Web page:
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The Delhi High Court has vacated the injunction order against Caravan Magazine in the 50 Crore defamation case filed by IIPM founder Arindam Chaudhuri.
Chaudhari had filed the case after the magazine published an article titled Sweet smell of success – How Arindam Chaudhuri made a fortune of the aspirations and insecurities of India’s middle classes. A civil court in Silchar, Assam had granted Chaudhari a preliminary injunction, directing Caravan to remove the article in question from its website.
A transfer petition filed in the Supreme Court praying that the case be shifted to the Delhi High Court was granted, and the case came up before the Bench of Justice Manmohan.
Appearing for Chaudhari in the Delhi High Court, Advocate Nishit Kush contended that the magazine carried a morphed image of Chaudhari, showing him as a magician/soothsayer with the intent to portray him as a trickster.
It was further stated that derogatory comments were made against him without any basis and with an intent to create a negative image of Chaudhari amongst the general public.
“freedom of expression does not permit any publication to use the expressions ‘model school than a real one’, ‘the campus appeared sleepy’ and ‘the scruffy management students.”
Representing Caravan Magazine, Advocate Amit Gupta invoked the defence of truthfulness and submitted that none of the impugned statements were made recklessly or without proper research.
After hearing the parties, Justice Manmohan cited the judgment delivered in the case of Shashi Tharoor v. Arnab Goswami which delved into reasonable restrictions on freedom of the press in defamation suits, and observed that,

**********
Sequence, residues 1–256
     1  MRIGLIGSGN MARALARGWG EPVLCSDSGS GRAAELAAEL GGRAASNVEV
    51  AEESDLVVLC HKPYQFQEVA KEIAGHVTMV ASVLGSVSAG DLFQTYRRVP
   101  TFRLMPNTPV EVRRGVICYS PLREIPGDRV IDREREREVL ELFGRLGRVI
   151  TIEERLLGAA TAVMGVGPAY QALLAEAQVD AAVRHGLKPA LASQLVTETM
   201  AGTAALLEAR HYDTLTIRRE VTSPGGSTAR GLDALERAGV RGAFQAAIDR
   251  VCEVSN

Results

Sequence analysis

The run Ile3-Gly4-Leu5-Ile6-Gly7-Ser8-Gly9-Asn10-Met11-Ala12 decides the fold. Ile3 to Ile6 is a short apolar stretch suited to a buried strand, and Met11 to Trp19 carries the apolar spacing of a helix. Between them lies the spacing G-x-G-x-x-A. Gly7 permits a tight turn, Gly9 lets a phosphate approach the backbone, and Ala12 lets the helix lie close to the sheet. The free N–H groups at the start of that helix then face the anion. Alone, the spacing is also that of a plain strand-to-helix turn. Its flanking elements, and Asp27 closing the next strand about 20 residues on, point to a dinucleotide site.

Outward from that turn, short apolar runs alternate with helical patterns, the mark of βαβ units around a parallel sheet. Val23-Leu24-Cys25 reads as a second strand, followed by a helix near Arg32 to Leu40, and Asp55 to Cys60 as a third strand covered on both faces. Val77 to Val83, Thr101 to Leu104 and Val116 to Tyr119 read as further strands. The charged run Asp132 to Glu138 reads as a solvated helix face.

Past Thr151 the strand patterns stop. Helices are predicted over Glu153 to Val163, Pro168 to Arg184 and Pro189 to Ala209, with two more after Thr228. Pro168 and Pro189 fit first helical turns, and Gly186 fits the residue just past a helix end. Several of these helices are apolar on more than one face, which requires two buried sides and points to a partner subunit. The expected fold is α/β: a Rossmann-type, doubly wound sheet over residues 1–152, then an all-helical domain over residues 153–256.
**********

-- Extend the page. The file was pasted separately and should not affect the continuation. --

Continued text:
“In India the Courts have the power to pass pre-publication or pre-broadcasting injunction or prior restraint order in sub judice matters provided the two pronged test of necessity and proportionality are satisfied and reasonable alternative methods or measures are not sufficient to prevent the said risk.”
Reference was also made to a 2014 judgment of the High Court that found IIPM guilty of making false and misleading statements regarding its courses.
The Court further observed that if the article in question is read as a whole, it is prima facie found that the impugned portions are either based on the statements made by several persons or on facts available in public domain and/or are the author’s personal opinions and conclusions based on extensive research and report.
Thus, the Court vacated the injunction order while holding that it is of the prima facie view that,
“the defendants have highlighted the evidence which is relevant and material on a matter of substantial importance and there is no material at this stage to conclude that the stories have been published by the defendants with a reckless disregard for truth or precipitated by actual malice or that the defence of justification/truthfulness/fair comment is one that cannot succeed.”
Image taken from here.